By Jamey Dunn
The federal government will provide more oversight for Chicago’s commuter rail service as the number of board members dwindles.
The action from the Federal Railroad Administration is just another development in the ongoing fallout from allegations of political influence being asserted over hiring decisions and contract terms at the agency. Alex Clifford, the former chief executive officer of METRA, has said that lawmakers, including House Speaker Michael Madigan, tried to wield clout over the agency. His claims come as the Regional Transit Authority has launched an audit of Clifford’s severance settlement, which could leave him with more than $700,000. Legislative Inspector General Thomas Homer is investigating Clifford’s allegations, and Madigan has said publicly that he did nothing wrong.
After the resignations of four Metra board members — including former chair Brad O’Halloran — the board lacks enough members to name a new chair. U.S. Sen. Richard Durbin wrote a letter asking Federal Railroad Administrator Joseph Szabo to intervene while Metra’s “current leadership issues are being resolved.”
Durbin wrote in the letter sent to Szabo earlier this month: “I know the professional, non-political staff at Metra is dedicated to running this railroad in the safest way possible, however the lack of permanent leadership at the board and management levels creates a situation where accountability is hard to find and priorities like safety could become neglected.”
In response, the Federal Railroad Administration will increase the number of train inspections and increase oversight of Metra’s testing and inspection program. The administration also plans to communicate directly with top Metra officials, reach out to labor leaders and attend meetings between labor and management.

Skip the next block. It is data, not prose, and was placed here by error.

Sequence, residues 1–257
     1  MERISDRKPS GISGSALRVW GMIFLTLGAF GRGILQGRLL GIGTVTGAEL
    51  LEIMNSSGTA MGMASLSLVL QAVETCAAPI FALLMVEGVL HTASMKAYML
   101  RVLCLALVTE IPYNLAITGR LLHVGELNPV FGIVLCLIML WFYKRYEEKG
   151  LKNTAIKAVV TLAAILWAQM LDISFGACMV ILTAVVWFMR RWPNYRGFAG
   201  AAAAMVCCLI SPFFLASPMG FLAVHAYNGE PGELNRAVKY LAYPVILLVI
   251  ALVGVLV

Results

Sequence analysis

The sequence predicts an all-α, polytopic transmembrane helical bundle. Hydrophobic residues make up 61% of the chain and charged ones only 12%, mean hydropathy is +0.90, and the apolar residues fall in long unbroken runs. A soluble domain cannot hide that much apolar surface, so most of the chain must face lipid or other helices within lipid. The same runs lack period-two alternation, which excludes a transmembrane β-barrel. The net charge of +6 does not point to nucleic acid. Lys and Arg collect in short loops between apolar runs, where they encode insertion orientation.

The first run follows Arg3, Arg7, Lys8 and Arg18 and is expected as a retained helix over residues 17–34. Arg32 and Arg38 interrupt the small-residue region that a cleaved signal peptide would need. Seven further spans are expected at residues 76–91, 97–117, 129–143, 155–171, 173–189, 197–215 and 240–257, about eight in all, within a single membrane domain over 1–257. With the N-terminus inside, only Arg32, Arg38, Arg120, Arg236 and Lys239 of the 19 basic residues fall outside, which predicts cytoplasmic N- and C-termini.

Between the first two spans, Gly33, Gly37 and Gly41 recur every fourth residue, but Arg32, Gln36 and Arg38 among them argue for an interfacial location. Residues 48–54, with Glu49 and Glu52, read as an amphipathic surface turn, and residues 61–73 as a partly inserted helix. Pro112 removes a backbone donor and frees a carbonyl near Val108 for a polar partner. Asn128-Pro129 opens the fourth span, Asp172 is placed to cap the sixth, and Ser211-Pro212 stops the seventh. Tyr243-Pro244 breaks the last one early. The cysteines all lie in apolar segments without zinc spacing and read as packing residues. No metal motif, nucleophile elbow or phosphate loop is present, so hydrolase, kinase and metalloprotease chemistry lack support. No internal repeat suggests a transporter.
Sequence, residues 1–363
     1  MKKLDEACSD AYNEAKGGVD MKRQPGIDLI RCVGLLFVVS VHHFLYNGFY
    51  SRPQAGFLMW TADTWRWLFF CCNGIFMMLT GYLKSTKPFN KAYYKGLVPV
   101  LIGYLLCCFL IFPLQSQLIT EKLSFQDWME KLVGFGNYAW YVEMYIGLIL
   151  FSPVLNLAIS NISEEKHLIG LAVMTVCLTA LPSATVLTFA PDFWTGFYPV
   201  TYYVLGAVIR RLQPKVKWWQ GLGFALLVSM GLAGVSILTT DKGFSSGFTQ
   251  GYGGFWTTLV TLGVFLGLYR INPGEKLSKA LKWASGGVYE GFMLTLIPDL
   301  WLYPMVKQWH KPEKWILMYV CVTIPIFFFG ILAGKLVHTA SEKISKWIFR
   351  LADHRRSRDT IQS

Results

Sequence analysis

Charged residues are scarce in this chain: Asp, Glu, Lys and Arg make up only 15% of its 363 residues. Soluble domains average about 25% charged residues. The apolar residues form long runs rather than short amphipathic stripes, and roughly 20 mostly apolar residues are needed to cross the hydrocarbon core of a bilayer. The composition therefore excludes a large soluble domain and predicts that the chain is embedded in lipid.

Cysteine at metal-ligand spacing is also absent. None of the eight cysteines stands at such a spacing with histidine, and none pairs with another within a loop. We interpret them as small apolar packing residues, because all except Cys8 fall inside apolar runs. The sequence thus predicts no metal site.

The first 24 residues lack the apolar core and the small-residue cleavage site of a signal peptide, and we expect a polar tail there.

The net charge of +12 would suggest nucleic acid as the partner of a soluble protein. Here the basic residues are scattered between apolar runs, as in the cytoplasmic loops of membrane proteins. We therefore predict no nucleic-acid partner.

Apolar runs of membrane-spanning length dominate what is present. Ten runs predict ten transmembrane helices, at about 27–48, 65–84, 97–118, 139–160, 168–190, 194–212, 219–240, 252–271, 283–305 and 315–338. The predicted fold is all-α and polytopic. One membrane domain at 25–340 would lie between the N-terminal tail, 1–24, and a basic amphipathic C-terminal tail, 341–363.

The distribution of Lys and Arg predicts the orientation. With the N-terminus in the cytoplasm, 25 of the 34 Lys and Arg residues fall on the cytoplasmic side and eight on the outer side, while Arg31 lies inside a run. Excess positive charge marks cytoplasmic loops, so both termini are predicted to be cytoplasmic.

“Safety is our first priority,” Szabo said in a written statement. “Historically, Metra has had an exemplary safety record, in large measure due to the dedicated career personnel who oversee and perform the daily operations. Our goal is to ensure that legacy of safety does not erode during this period of transition.”
According to a statement from Metra, the agency plans to welcome the additional federal involvement. “Safety is our number one priority at Metra, and while we believe we are operating as safely as possible, we appreciate the efforts of Sen. Durbin and the FRA to provide additional oversight.”
Gov. Pat Quinn has also called for increased state involvement at Metra and RTA. He said he plans to bring together a group of experts to work up changes that would be ready to present to lawmakers when they return to the Statehouse for the fall veto session in October. “I think we need to have a little bit more direct action on behalf of the public,” he said. “Right now, the role of our department [of transportation] and our state is basically to just hand the money over to RTA and Metra. I think we need far more oversight under law of these entities.”